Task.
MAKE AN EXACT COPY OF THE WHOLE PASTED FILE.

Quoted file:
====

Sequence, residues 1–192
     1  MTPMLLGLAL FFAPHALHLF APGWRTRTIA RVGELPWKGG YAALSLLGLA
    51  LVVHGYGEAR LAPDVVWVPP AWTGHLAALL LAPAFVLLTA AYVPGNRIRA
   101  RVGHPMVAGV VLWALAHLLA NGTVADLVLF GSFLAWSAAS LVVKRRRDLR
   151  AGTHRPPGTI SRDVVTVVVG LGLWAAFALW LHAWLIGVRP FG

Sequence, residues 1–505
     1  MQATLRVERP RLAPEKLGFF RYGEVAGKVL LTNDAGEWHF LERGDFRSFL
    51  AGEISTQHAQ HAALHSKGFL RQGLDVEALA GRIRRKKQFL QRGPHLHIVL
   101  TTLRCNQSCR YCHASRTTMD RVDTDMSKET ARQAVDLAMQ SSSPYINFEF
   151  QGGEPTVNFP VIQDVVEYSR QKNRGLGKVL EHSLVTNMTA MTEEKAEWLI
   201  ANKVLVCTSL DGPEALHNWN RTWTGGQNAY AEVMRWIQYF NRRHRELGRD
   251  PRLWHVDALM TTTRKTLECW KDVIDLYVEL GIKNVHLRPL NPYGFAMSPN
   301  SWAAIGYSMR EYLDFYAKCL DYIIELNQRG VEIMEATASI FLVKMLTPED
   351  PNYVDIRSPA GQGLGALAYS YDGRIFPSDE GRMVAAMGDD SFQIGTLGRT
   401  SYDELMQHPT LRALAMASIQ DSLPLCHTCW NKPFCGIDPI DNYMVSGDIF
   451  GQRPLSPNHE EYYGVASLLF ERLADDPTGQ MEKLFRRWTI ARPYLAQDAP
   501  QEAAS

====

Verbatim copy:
Sequence, residues 1–192
     1  MTPMLLGLAL FFAPHALHLF APGWRTRTIA RVGELPWKGG YAALSLLGLA
    51  LVVHGYGEAR LAPDVVWVPP AWTGHLAALL LAPAFVLLTA AYVPGNRIRA
   101  RVGHPMVAGV VLWALAHLLA NGTVADLVLF GSFLAWSAAS LVVKRRRDLR
   151  AGTHRPPGTI SRDVVTVVVG LGLWAAFALW LHAWLIGVRP FG

Sequence, residues 1–505
     1  MQATLRVERP RLAPEKLGFF RYGEVAGKVL LTNDAGEWHF LERGDFRSFL
    51  AGEISTQHAQ HAALHSKGFL RQGLDVEALA GRIRRKKQFL QRGPHLHIVL
   101  TTLRCNQSCR YCHASRTTMD RVDTDMSKET ARQAVDLAMQ SSSPYINFEF
   151  QGGEPTVNFP VIQDVVEYSR QKNRGLGKVL EHSLVTNMTA MTEEKAEWLI
   201  ANKVLVCTSL DGPEALHNWN RTWTGGQNAY AEVMRWIQYF NRRHRELGRD
   251  PRLWHVDALM TTTRKTLECW KDVIDLYVEL GIKNVHLRPL NPYGFAMSPN
   301  SWAAIGYSMR EYLDFYAKCL DYIIELNQRG VEIMEATASI FLVKMLTPED
   351  PNYVDIRSPA GQGLGALAYS YDGRIFPSDE GRMVAAMGDD SFQIGTLGRT
   401  SYDELMQHPT LRALAMASIQ DSLPLCHTCW NKPFCGIDPI DNYMVSGDIF
   451  GQRPLSPNHE EYYGVASLLF ERLADDPTGQ MEKLFRRWTI ARPYLAQDAP
   501  QEAAS